J. S. Pearson From , joined Dec 1969, posts, RR: Reply 1, posted (12 years 11 months 1 week 5 days 12 hours ago) and read 1439 times:
In essence, charter airlines operate solely because of travel group connections, for example, Britannia is in existance because of Thomas Cook.
Anyway, in answer of your question, I know Air 2000 are offering increasing scheduled services, particularly from regional airports, primarily to Cyprus and the normal Spanish holiday resorts. Monarch offers a limited scheduled service network from Luton. Perhaps the main reason why such an airline operates such a service, is because of aircraft utilisation. Perhaps the aircraft would otherwise not be in use, thus they airline's using this to increase the daily usage of the aircraft.
By slightly diversifying, an airline may attract a wider audience, particularly those who prefer added comforts, for example seat spacing, better food, like though frequently found aboard scheduled airlines. The aim of this venture, is like virtually everything else: slightly altering its product, to attract a wider audience (or new market), thus increasing revenue and thus satisying its shareholders.
J. S. Pearson From , joined Dec 1969, posts, RR: Reply 3, posted (12 years 11 months 1 week 5 days 11 hours ago) and read 1418 times:
Indeed, that's why I said, "... Air 2000 is increasing its scheduled service from regional airports... Monarch operates such services from LTN." I just omitted MAN from the latter's scheduled service hubs.
Englandair From United Kingdom, joined Oct 2000, 2228 posts, RR: 3 Reply 4, posted (12 years 11 months 1 week 5 days 11 hours ago) and read 1414 times:
Sorry- I didn't explain what I ment very well.
Are there any charter airlines that are just like scheduled airlines, except for the fact that they only fly when enough seats are sold?
For example, X Airlines offering a similar type of service to BA/UA/VS etc but only going from say London to New York when N numbers of seats have been 'sold'.
J. S. Pearson From , joined Dec 1969, posts, RR: Reply 6, posted (12 years 11 months 1 week 5 days 11 hours ago) and read 1410 times:
I'm not too sure if that's really the case. I'm not too knowledgeable in this department, but would imagine an airline would operate a service even if one sector is below the break-even point. If the other, for instance return, sector is equally low, then perhaps the airline will not operate the service. However, if combined, the two sectors are at or above the break-even point, then perhaps they will operate it.
I'm sure however it doesn't operate like this. For example, if an airline has recently introduced a new service, a prime example was the then-new SOU-ZRH EM4-operated service, and is aware that initial loads will be low, will operate the flight regardless. The airline is anticipating a rise in passenger numbers, so this risk is perhaps justifyed in the long-term.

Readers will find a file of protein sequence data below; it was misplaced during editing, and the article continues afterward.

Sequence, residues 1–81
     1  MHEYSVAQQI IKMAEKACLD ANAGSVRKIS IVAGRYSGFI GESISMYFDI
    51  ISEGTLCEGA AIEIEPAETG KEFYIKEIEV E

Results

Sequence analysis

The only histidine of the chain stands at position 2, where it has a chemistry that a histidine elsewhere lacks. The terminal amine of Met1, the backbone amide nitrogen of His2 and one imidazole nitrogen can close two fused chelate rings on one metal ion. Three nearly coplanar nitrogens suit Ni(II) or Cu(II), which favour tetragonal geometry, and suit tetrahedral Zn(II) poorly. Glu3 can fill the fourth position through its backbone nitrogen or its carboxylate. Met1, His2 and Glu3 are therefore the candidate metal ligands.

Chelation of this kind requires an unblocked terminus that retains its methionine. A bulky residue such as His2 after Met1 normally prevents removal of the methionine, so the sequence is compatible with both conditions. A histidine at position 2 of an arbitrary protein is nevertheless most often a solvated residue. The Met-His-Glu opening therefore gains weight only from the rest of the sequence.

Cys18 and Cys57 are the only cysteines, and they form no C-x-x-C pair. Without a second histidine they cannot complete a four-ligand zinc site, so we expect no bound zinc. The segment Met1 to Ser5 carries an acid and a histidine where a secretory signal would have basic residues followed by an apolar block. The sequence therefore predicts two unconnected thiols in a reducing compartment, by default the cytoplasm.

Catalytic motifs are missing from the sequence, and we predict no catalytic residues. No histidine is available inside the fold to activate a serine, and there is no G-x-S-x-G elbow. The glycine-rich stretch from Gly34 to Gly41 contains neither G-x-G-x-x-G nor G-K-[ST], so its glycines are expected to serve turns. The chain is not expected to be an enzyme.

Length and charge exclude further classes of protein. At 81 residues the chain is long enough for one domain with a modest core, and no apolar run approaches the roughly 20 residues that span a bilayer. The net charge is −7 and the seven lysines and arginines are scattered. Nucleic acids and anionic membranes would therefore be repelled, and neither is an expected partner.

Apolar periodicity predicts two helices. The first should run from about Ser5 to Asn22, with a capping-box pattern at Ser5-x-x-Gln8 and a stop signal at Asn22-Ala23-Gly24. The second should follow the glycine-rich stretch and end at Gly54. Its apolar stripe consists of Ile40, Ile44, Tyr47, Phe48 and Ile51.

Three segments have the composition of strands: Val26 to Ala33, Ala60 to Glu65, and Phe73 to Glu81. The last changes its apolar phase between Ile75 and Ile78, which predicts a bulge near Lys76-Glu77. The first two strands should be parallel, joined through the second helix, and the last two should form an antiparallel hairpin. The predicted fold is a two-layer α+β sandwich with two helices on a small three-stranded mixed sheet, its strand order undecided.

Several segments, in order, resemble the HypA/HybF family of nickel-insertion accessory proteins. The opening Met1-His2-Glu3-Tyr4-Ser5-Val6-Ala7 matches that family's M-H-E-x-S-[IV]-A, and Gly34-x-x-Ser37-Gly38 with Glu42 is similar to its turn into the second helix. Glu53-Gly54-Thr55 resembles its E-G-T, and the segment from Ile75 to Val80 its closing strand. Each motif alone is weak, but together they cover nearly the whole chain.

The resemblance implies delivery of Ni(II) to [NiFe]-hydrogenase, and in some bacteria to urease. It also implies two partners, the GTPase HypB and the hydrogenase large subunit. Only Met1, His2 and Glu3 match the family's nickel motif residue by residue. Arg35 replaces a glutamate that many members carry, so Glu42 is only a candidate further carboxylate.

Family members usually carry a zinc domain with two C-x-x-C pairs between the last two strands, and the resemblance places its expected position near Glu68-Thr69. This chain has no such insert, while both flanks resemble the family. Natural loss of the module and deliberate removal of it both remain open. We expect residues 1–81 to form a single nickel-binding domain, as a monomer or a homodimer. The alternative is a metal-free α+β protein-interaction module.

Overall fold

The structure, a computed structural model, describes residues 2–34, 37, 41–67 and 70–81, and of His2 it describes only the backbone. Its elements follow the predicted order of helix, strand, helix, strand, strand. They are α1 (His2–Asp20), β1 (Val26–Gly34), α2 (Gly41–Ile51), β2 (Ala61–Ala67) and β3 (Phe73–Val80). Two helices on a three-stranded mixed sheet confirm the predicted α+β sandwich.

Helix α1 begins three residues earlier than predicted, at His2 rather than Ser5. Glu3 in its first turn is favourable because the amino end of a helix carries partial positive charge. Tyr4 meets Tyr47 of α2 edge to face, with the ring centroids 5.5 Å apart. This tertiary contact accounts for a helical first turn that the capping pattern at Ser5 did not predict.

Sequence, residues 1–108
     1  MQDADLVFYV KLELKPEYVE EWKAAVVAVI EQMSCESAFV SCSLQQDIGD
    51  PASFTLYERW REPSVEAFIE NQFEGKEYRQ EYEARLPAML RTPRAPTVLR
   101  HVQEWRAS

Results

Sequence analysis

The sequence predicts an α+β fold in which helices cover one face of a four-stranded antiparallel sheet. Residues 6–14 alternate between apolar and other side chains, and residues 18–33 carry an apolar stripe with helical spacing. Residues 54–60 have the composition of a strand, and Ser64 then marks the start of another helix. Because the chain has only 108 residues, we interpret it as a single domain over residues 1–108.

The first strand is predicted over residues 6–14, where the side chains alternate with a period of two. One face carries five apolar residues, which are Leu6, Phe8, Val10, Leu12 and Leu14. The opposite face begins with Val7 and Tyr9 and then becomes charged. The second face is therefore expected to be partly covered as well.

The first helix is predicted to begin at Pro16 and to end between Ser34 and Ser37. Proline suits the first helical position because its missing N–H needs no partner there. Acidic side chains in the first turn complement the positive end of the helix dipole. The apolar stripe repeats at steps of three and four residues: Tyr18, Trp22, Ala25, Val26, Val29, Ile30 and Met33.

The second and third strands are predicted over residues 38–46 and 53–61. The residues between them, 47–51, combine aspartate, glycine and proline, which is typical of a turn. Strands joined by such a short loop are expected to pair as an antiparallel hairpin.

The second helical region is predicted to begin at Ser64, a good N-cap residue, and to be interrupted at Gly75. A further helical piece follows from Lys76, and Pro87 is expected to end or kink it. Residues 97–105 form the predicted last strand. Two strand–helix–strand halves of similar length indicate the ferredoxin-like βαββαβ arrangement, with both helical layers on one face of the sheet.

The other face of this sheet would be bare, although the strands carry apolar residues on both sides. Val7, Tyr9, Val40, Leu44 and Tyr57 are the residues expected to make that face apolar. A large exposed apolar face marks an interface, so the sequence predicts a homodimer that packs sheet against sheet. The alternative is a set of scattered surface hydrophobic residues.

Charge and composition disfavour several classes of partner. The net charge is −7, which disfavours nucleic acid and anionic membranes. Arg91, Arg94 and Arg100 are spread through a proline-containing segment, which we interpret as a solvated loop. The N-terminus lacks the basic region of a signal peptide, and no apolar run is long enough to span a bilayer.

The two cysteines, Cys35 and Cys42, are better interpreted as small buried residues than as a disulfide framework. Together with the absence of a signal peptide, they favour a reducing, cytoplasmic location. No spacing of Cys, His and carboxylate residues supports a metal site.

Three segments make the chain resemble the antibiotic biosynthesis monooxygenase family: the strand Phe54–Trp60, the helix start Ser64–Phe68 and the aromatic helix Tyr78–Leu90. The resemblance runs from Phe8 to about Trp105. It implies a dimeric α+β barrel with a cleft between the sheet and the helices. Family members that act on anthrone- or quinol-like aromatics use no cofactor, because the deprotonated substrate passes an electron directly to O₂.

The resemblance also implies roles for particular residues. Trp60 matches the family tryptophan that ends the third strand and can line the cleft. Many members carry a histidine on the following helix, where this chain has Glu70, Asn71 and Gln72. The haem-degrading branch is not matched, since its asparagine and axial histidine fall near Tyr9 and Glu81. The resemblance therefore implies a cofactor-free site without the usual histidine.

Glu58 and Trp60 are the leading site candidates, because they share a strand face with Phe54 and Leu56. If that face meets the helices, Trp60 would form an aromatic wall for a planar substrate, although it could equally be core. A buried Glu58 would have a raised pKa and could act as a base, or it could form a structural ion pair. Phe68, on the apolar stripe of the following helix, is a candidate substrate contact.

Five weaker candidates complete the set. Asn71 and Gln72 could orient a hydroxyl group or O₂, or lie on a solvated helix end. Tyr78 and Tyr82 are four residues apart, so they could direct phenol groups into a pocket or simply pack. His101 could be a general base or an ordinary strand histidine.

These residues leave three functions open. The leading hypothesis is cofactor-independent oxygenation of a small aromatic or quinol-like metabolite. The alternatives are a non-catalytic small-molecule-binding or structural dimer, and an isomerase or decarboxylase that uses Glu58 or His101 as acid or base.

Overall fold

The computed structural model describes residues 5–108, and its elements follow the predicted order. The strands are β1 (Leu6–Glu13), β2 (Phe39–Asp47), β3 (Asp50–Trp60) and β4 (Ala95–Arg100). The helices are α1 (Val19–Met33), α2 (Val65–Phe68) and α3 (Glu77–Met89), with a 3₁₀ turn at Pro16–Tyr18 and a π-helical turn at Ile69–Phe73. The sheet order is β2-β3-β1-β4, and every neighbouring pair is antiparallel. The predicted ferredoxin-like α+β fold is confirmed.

In conclusion, I think that, if an airline has a less-than-adequately demanded service, then the concerned airline will react accordingly. If, however, the airline has recently introduced a new and thus in reality seemingly unknown service, then it will continue as it visualises an increase in passenger traffic.
Ceilidh From , joined Dec 1969, posts, RR: Reply 7, posted (12 years 11 months 1 week 5 days 10 hours ago) and read 1403 times:
Trek Airways - aka Luxavia - operated scheduled charters between JNB and LUX for many years that way - first with Constellations, then 707s, then A300s and finally B747SPs.
In part, it was to get around the IATA rules; and also it was in effect a sanctions busting operation as the aircraft were on the LX register despite blonging to SAA.
Luxembourg was one of the world's first countries to offer Open Skies, and South African pax could connect on Luxair flights as well as transatlantic services of Icelandair. Trek ceased airline operations in April 1994.
In the Caledonian Wings case, it's easier to get a charter licence than a scheduled one - and far faster!
Flashmeister From United States of America, joined Apr 2000, 2891 posts, RR: 7 Reply 8, posted (12 years 11 months 1 week 5 days 10 hours ago) and read 1395 times:
Morris Air did this sort of thing before they were bought by WN - they were a "service" for a while, technically not a scheduled carrier, but they had scheduled charters. There are apparently big differences in how the FAA handles these carriers.
The FAA looked at Morris after they grew and told them that there was no way that Charter rules still applied, so Morris became a "regular" commercial scheduled carrier. Then, not long later, Southwest snapped them up.
Caribb From Canada, joined Nov 1999, 1630 posts, RR: 9 Reply 9, posted (12 years 11 months 1 week 5 days 6 hours ago) and read 1383 times:
In Canada Air Transat, Canada 3000 and Royal offer "scheduled" charters to the Caribbean, Europe and across North America. Canada 3000 & Royal have recently been given scheduled licences for some European services and in C3's case to Australia and India. Air Transat though does fly regularly across Canada and even advertises flights as if they were scheduled (ie: air only fares etc.). These carriers usually concentrate on the vacation markets (Florida, Hawaii, Caribbean (Dominican Rep., Cuba, Barbados) and Mexico... trans-Canada, & Europe (France, England, Holland, Italy & Spain.)